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Today's work reinforced my conviction that it's almost always a good thing to fix anything that you can (even if it stretches your boundaries, and takes longer than it would a pro). The car in question was my son's Subaru (an '04 Forester XT turbo AWD small SUV). I normally work on it when I'm in the area (Texas) but his wife and our two granddaughters were getting ready to take a trip and it had a couple issues, so she found a local garage and took it in. They replaced the right front CV axle and the left lower ball joint and "fixed" a transmission leak (apparently by dropping the tranny pan and RTVing it instead of using a gasket).

The things that they did wrong...
1) They stripped the threads on the left ball joint lower bolt, which separated while they were driving (destroying any cotter pin that was installed, if there was one). Thank God, at a slow speed and locally, as the left front wheel no longer pointed in the right direction...
2) The shop agreed to fix their mistake and replaced the ball joint. They also "repaired" the CV axle that was pulled apart by putting a nylon zip tie around the inner boot (which of course, leaked all the grease out all over the chassis, and spun).
3) I chased down the ACTUAL source of the leak, which was the right front axle seal, which they had buggered up installing the new axle, apparently (a big chunk of it was chewed off - no way that happened in operation).
4) Getting ready to pull the axle, I discovered they didn't dimple the keeper on the axle nut, so it could have come loose (apparently this shop doesn't believe a car really needs all its wheels attached).
5) Then I find that the right lower ball joint lower castle nut is no more than finger tight.
6) And THEN find that the pinch bolt that holds the same ball joint in place is loose enough that the entire thing works its way halfway out of the housing by the time I get the lower bolt loose (the notch in the housing that's captured by the pinch bolt kept it from coming entirely out). Really??!!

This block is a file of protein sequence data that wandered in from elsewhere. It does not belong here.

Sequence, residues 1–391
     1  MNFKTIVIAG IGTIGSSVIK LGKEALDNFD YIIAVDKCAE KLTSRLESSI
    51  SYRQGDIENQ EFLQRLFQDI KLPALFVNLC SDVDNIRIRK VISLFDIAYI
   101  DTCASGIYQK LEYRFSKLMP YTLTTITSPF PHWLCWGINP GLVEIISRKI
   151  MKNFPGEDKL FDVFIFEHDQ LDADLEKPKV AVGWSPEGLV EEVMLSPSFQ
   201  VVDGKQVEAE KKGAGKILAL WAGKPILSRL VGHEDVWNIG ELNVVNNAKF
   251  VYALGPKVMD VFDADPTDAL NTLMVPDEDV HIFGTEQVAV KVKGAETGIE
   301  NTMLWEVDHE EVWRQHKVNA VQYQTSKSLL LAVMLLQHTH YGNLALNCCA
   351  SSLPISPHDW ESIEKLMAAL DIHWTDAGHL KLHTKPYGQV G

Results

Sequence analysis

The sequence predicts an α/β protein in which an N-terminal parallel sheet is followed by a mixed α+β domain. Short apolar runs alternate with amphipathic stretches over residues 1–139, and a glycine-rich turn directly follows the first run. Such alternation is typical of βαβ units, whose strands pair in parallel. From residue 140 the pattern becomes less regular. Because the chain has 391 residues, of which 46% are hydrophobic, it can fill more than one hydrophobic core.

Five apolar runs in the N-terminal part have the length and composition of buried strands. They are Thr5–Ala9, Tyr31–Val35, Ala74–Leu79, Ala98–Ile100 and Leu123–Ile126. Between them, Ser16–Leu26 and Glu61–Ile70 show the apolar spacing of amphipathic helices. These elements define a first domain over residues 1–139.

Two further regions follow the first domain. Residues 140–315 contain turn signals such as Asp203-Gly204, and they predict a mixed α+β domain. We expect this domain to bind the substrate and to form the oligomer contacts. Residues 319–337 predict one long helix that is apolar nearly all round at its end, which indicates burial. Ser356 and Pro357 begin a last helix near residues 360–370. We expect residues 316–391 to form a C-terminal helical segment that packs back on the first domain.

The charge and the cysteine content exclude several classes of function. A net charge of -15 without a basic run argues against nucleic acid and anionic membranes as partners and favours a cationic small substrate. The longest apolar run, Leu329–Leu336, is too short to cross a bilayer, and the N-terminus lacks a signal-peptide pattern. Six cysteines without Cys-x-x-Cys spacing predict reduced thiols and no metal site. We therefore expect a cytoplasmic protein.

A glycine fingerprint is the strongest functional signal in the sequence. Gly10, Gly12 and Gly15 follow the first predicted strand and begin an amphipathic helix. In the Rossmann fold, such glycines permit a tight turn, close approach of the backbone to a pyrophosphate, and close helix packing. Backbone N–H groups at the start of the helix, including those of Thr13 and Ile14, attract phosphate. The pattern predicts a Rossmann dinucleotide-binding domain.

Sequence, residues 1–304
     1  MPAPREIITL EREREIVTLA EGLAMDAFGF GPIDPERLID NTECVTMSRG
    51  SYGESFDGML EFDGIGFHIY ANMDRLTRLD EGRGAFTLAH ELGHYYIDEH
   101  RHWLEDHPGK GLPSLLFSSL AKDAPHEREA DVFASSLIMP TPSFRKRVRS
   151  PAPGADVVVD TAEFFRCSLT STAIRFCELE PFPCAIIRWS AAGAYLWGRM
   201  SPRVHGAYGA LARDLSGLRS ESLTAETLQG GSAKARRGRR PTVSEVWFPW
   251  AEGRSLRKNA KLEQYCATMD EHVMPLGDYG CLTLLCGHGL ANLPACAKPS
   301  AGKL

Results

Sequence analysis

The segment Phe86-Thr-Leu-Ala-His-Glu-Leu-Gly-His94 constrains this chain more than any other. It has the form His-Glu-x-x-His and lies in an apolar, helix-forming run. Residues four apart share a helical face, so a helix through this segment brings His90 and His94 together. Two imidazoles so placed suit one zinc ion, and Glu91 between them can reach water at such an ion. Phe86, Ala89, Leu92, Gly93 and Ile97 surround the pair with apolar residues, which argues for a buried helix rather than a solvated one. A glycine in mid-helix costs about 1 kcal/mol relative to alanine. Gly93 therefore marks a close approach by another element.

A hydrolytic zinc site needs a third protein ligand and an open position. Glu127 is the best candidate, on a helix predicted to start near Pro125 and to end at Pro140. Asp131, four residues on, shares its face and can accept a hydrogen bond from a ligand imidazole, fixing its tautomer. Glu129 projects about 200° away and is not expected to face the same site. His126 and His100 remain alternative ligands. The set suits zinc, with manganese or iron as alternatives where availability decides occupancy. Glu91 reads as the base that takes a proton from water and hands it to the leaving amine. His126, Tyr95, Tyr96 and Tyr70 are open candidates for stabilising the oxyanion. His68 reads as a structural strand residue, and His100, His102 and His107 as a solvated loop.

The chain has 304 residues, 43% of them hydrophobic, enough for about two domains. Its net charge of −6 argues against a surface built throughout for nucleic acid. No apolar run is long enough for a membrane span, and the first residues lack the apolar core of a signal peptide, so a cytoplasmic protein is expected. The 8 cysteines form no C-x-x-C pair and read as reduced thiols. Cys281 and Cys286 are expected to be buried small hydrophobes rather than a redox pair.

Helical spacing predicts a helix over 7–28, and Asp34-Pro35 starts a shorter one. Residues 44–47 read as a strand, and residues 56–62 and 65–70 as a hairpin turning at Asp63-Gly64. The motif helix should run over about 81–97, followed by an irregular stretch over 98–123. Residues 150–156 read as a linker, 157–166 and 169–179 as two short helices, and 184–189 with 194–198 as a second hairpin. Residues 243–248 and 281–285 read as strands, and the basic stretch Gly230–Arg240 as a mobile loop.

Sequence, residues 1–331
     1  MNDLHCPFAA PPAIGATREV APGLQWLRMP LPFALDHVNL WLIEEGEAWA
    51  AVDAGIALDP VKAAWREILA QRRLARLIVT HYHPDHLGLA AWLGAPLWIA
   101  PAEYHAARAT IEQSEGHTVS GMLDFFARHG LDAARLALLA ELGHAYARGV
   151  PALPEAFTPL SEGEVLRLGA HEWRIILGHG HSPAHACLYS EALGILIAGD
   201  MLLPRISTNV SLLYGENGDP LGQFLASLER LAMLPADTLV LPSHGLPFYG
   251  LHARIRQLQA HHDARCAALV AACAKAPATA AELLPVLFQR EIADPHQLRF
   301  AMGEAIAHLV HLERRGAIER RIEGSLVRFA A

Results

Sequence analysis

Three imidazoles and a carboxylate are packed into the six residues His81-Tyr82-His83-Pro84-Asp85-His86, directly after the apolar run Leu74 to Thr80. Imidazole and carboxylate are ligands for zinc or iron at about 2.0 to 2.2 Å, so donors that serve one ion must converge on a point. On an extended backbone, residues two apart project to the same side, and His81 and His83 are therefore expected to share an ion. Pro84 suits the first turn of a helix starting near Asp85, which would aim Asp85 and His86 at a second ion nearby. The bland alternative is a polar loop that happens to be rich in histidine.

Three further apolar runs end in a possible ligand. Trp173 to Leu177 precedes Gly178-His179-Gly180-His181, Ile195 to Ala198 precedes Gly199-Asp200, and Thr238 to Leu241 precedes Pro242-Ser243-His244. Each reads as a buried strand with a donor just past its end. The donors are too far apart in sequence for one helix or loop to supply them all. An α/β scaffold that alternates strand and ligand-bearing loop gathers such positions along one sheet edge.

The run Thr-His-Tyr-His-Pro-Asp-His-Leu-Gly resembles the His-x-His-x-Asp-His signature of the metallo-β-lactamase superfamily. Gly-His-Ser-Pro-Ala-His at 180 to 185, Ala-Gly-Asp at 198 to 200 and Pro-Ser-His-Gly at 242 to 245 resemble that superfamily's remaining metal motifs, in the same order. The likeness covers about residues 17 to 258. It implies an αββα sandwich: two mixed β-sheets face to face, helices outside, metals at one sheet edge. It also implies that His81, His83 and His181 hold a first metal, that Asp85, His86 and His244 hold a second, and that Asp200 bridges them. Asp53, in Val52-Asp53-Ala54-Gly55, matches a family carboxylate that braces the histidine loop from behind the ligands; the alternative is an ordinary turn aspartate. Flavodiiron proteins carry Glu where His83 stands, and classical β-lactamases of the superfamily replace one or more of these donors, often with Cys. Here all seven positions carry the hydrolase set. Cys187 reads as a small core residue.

7) And checking the tranny fluid level, I see that it's hugely overfilled (though still seems to shift fine).

So after about $20 in parts (as well as a new breaker bar and 32mm socket from Harbor Freight), and a couple hours, the car is now back together and working like it should (and not leaking all over their driveway). Sometimes the mechanic who's working on your car doesn't think of it as anything but an obstacle that's keeping him from doing something else he'd rather be doing, instead of an important tool you use to live your life (and to protect those you love). When you work on your own car, you might not know as much as some mechanics, but you're certainly going to care more about the quality of the repair (even than a really diligent, top-notch mechanic). After all, it's YOUR car, and it's used to carry people you care about.

This was one of the worst examples I've seen, but it does seem that very often I end up having to re-do something that a shop did. There are a host of great resources out there that will show you much of what you need to know to do most repairs to your car, and most people know someone who'd be willing to help do a repair they might be hesitant to approach solo. Twist those wrenches, get to know your car, and you'll be much more in control of your automotive destiny (and hey, you'll save a boatload of money over the years, too!).
 

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WOW! I hope they are going to be getting a refund from the "pro" that did that "work".

I'm all for DIY - I've certainly made mistakes along the way but I know who to blame those on...and I've learned from them and don't mind helping close friends and family. Helped a friend with a Jeep install a lift kit, changed a steering rack in an older Ford Escort..all sorts of stuff I never thought I could do. Even did the timing belt change on my new to me MDX along with water pump, pulleys, thermostat, radiator and more.

I ended up going the DIY route when I noticed how poorly and rushed the repair facility performed their work - missing screws from the center console, torn shifter boot that wasn't torn before, visible markings on the dash trim when they took it apart (this was all on a Dodge Durango) and of course, when I pointed all that out they fell back on their canned response "for all we know it was like that when you brought it in" - from that day forward I decided I'm going to tackle what I could and have being doing so ever since.

Glad your son's family made out ok in that...could have been much worse for sure.
 
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